Wednesday, 1 April 2015

Young Epilepsy Champion Awards

I was lucky enough to be invited to the Young Epilepsy Champion Awards last Thursday at City Hall in London.  It was also Purple Day and I can't think of many better ways to celebrate the global epilepsy awareness day than with so many inspirational people in the world of epilepsy in a breath taking venue overlooking London.  I was also quite chuffed because Rich keeps getting taken up skyscrapers for drinks and City Hall is one of the few he hasn’t been too!


It was an evening filled with inspirational stories and I don't know how the judges chose between the final nominees as they have all done such fantastic things to make a difference to the lives of others living with epilepsy.

The evening was hosted by Nicholas Owen who as always ensured everything ran like clockwork.  It was also fantastic to see other celebrities there showing their support for such an amazing event.  These included Olympian James Cracknell, Eastenders actors Cheryl Fergison and Himesh Patel, Athlete Dai Green and footballer Leon Legge.

I'll start by giving a run down of the award winners:

Supporting the Community Award ~ Zoe Reid for the amazing weekly epilepsy youth group she runs in Edinburgh.
Best Practice Award ~ Tessa Walker and epilepsy nurse in Islington.
Community Impact Award ~ Santander for their Big Build project at Young Epilepsy.
The Discovery Award ~ Dr Sameer Zuberi for their work in genetic testing in epilepsy.
Shaping Better Futures Award ~ Epilepsy12 looking at the quality of healthcare services for children and young people with epilepsy.
Speaking Out Award ~ The Daily Mirror for their continued coverage of epilepsy in a positive light.
Guiding Light Award ~ Ann-Marnie Row who was nominated by her student Toby for all the support she has given him and his family.
Bright Star Award ~ Ben Wilson who has been through revolutionary treatments involving much pain but never allowing his epilepsy to define him.
Shining Star Award ~ Alyce-Jayne Stockdale who never lets her epilepsy define her life.
Inspirational Champion Award ~ Owen Thurston for his work building awareness and helping others feel less alone.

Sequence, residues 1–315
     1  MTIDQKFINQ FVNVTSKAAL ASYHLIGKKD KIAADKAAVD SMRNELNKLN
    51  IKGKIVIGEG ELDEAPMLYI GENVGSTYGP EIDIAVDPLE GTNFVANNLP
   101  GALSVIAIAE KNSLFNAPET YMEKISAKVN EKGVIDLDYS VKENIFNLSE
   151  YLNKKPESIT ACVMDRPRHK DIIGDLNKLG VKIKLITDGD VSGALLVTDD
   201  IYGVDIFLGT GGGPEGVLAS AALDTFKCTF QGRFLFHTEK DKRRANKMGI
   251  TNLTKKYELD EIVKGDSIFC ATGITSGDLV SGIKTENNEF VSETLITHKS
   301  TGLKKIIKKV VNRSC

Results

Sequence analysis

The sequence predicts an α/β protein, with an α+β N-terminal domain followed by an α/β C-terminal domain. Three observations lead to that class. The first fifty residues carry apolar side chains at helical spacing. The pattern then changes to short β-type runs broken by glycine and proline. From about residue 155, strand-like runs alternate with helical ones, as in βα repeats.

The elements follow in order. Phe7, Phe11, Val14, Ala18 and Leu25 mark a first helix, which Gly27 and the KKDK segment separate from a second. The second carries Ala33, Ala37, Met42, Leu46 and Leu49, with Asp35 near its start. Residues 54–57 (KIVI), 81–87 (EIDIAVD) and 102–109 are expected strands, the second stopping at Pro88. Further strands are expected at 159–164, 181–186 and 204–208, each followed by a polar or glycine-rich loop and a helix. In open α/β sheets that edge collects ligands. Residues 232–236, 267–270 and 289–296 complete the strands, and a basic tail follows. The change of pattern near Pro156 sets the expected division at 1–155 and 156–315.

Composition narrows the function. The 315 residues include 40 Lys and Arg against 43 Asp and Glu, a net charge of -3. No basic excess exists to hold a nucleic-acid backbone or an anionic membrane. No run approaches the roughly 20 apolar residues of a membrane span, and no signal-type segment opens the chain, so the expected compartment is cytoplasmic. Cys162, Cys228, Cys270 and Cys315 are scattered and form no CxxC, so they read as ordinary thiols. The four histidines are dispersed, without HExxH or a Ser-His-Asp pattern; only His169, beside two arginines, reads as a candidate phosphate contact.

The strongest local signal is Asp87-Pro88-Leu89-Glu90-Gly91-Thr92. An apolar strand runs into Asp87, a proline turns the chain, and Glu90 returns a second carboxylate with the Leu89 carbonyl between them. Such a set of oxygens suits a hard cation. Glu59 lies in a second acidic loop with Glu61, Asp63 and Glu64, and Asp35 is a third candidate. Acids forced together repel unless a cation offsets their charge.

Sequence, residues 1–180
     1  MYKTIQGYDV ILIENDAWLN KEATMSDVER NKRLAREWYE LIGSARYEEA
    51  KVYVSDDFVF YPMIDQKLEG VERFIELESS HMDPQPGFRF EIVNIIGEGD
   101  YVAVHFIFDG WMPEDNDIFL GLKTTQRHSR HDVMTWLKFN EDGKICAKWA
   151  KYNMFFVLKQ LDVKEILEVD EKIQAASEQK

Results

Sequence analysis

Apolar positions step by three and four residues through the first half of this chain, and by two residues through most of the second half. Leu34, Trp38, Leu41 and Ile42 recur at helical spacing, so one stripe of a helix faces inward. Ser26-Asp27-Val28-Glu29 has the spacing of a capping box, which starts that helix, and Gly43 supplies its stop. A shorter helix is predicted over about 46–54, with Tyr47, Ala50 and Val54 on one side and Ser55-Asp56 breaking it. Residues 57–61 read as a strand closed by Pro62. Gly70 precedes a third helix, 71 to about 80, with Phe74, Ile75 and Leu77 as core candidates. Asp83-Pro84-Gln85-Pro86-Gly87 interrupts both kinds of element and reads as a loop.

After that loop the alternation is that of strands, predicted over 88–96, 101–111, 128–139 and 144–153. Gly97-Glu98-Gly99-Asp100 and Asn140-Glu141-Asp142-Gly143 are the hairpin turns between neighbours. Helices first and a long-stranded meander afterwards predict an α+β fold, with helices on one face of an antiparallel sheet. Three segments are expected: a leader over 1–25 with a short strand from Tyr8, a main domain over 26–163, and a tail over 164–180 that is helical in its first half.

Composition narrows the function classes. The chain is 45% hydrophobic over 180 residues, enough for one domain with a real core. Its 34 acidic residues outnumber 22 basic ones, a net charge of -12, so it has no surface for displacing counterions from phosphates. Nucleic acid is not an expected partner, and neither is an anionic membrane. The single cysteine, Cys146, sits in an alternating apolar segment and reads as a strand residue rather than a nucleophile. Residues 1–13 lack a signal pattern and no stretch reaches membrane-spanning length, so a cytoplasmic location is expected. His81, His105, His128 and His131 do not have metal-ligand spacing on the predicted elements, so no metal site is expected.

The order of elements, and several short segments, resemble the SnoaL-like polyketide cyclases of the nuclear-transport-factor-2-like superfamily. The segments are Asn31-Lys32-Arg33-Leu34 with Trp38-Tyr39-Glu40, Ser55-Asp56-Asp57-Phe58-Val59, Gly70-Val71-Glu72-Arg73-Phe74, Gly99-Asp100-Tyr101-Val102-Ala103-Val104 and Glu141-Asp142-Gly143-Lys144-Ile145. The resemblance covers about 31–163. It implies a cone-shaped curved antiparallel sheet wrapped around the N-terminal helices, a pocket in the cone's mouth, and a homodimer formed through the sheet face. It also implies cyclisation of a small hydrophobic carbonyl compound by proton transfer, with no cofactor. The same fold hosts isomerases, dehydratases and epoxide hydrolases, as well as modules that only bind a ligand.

All the award winners had amazing stories to tell but there were a couple of award winners who particularly inspired me and brought me close to tears so I want to talk a little bit more about them.

My Champion Award ~ Tre Pearce

Tre’s story could so easily be my husband Rich’s story – it drove home to me the sacrifice that our family around us have to make because of our epilepsy.  I think it helps highlight that the decisions we make in life don’t just impact upon us and so when we are talking to our doctors about life changing events like having a baby it is crucial that our family are involved in those discussions too.

Tre is just 21 and is devoted to supporting his partner who lives with epilepsy and their newborn daughter. Tre’s partner’s epilepsy became uncontrolled after having their baby and it could take her up to two hours to recover from a seizure.  Tre sacrificed joining the army to stand by his partner’s side and help ensure she and their baby is safe.  He is a true hero to his family and an inspiration to me.  They are a true team and something I hope Rich and me have built for our own family.

Bravery Award ~ Sienna Alderley

Now I will be honest here – Sienna’s story did bring me to tears.  When I looked at that gorgeous little girl on the stage I saw so much of Riley in her and it suddenly made me realise the responsibility we place on our children, and made me so thankful for Riley’s calm, sensible, caring nature.
 
I have just started to explain my epilepsy to Riley and when I ask her about it she proudly says “Mummy has epilepsy, sometimes she falls over and shakes and can’t hear me” and then if I ask her what she should do she says “stay with Mummy and tell her it’s ok” and then she will say “if I am at home I can press the big button on the phone in the house and tell Nanny Mummy’s not well”.  She’s 2 and she already knows all that – I am lucky that we have never had to try it out but I really feel she understands.

Five year old Sienna was watching Cbeebies when her mummy had a seizure. Her parents had taught her to call 999 in an emergency, and when Sienna saw her mummy having a seizure that’s just what she did. The operator who answered her call was also at the awards and it just made the whole thing seem so real.   You can hear her phone call here.

Sienna was presented the award on behalf of the many other children living with a parent or family member who has seizures and often go unnoticed for the care and support they provide.  It made me realise Riley is one of those children, because while she has never witnessed a seizure so much of her life is impacted by my epilepsy – whether it’s getting the bus because I can’t drive or not being able to have a bath unless Daddy is home so many little things would be different if I didn’t have epilepsy – so I guess that award is partly for Riley too.

Another wonderful thing that happened at the awards was I finally meet Faye Waddams in person – she is a fellow epilepsy and pregnancy blogger and someone who I am inspired by so getting to sit down and chat to her was fantastic.  You can read her brilliant blog here.


It was a wonderful night and showed the real progress being made in the world of epilepsy helping to build awareness and understanding of a condition which is often misunderstood and helping break down the barriers of stigma often attached to it.

Young Epilepsy are a national charity working hard to improve the lives of children and young people living with epilepsy by providing support, information, training and through campaigning.  You can find out more about the charity and award winners by clicking below:




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